European Commission President Ursula von der Leyen (R) and European Commissioner for Neighbourhood and Enlargement Oliver Varhelyi (L) leave after giving a press conference in Brussels, Belgium, 08 November 2023. EPA-EFE/OLIVIER HOSLET


EC’s Palestinian aid ‘safe’ claim met with scepticism in Isreal


Questions are being raised about the European Commissions’ claim that no evidence has been found of money being diverted for unintended purposes in Palestine.

The EC wanted to reassure all concerned that no funds were going to terror organisations such as Hamas or the Palestinian Islamic Jihad, following the October 7 attack by Hamas on Israel. On November 22, the EC released its review of ongoing financial assistance for Palestine.

In Israel, some are doubtful about the EC’s work, noting that the executive’s “comprehensive review” happened while an active war is going on and Gaza is under siege.

In it, the EC said that there was no evidence of misuse .

Olga Deutsch, vice president of the Israeli non-profit NGO Monitor, told Brussels Signal she read the communication “with concern”.

She noted the EC had been able to complete such a comprehensive review of all relative projects in record time.

“Additionally, [given] the seriousness of the situation after the October 7 massacre, [the review] should have been done by an independent body, not by the Commission itself.”

Deutsch said the EC “only checked if the existing safeguards are effective”.

“However, the existing safeguards do not provide tools that would be able to assess cases of incitement to violence, terror glorification, etc.”

She also found what she said was a loophole in the system: “The existing so-called anti-terror clause sanctions individuals who appear on the EU list of restrictive measures.

“However, this list does not include any individuals affiliated with designated Palestinian terror organisations such as Hamas, Islamic Jihad, and PFLP,” she said.

NGO Monitor welcomed the decision to introduce a new regulation that should prohibit incitement to violence but said it needed more details on that regulation to form an opinion.

“In any case, this new condition will be effective for future projects, which only further underlines the inability of existing safeguards to address the issue of incitement.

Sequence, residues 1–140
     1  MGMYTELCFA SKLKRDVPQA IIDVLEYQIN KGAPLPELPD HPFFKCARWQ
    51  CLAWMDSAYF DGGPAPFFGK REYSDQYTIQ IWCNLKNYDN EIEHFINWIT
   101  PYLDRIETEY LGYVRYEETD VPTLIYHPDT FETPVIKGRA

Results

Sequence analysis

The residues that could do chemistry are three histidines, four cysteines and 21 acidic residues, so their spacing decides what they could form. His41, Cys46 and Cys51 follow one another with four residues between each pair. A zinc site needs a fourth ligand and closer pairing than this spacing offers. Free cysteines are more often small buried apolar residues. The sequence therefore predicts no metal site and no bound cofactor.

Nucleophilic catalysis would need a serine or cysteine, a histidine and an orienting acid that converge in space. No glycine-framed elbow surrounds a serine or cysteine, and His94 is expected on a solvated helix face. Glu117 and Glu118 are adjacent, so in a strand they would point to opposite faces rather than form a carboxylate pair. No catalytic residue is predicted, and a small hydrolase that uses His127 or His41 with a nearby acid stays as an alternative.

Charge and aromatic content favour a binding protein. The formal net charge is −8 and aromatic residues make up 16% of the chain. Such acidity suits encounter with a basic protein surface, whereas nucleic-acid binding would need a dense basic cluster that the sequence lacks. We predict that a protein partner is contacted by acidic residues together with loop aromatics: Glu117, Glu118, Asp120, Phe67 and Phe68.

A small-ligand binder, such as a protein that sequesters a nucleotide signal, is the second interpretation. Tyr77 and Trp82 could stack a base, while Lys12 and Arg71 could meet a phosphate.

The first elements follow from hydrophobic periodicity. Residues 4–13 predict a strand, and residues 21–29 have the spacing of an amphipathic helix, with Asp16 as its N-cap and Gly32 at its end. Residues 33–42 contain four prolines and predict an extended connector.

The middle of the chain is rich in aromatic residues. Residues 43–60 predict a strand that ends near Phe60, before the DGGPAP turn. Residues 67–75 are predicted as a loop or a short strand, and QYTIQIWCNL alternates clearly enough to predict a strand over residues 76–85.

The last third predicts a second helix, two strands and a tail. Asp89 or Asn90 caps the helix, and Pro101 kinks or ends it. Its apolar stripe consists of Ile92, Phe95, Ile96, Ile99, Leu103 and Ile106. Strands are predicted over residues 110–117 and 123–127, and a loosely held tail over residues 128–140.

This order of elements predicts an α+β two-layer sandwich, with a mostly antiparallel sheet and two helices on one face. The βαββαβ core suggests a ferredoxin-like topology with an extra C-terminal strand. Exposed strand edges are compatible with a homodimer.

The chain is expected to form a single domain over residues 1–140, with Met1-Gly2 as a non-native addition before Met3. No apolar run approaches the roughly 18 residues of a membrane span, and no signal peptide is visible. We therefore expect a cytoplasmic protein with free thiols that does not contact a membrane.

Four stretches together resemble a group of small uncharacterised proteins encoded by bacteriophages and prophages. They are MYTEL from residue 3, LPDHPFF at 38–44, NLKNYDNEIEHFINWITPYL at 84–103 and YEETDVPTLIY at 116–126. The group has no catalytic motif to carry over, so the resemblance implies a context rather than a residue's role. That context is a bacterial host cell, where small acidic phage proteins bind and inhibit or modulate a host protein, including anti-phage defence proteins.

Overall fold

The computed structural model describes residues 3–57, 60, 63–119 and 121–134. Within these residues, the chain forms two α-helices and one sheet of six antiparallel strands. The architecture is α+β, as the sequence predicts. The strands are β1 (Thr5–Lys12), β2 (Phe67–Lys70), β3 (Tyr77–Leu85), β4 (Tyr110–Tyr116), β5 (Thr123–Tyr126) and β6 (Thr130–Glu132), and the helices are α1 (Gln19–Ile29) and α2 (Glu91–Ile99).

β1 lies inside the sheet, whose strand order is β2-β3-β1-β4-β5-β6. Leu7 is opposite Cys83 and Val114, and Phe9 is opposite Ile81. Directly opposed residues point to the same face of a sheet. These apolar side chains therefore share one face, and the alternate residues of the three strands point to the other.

“In general, we believe the EC should fundamentally revise its approach to providing development and humanitarian aid in the Palestinian context,” Deutsch said.

“This includes a definition of objectives, more robust conditions, choice of grantees, clear communication of EU values, monitoring, reporting, and accountability,” she concluded.

The EC review screened the portfolio of ongoing operations under its NDICI and that group’s predecessor ENI, comprising 119 contracts from different budget lines.

The portfolio was scrutinised operation-by-operation to assess the feasibility of the projects.

This was based on factors such as the location and type of project and the capacity of the implementing partners to deliver in the current circumstances. Alongside that, the level of priority of the needs, the flexibility to adapt a project to changing circumstances and the European Union’s interest in remaining involved were also considerations.

The study has identified a list of € 75.6 million “non-feasible” projects.

“The EU is the largest international donor of aid to the Palestinians. After the terrible events of October 7, a careful review of our financial assistance was necessary,” EC President Ursula von der Leyen said.

“This review has confirmed that the safeguards in place are effective. Work is now ongoing on the design of our future support to the Palestinians in view of the changing and still evolving situation.”

EU aid to the Palestinians through the European Joint Strategy 2021-2024 amounts to almost €1.2 billion.

This includes direct contributions to the Palestinian Authority through the EU’s PEGASE mechanism created in 2008.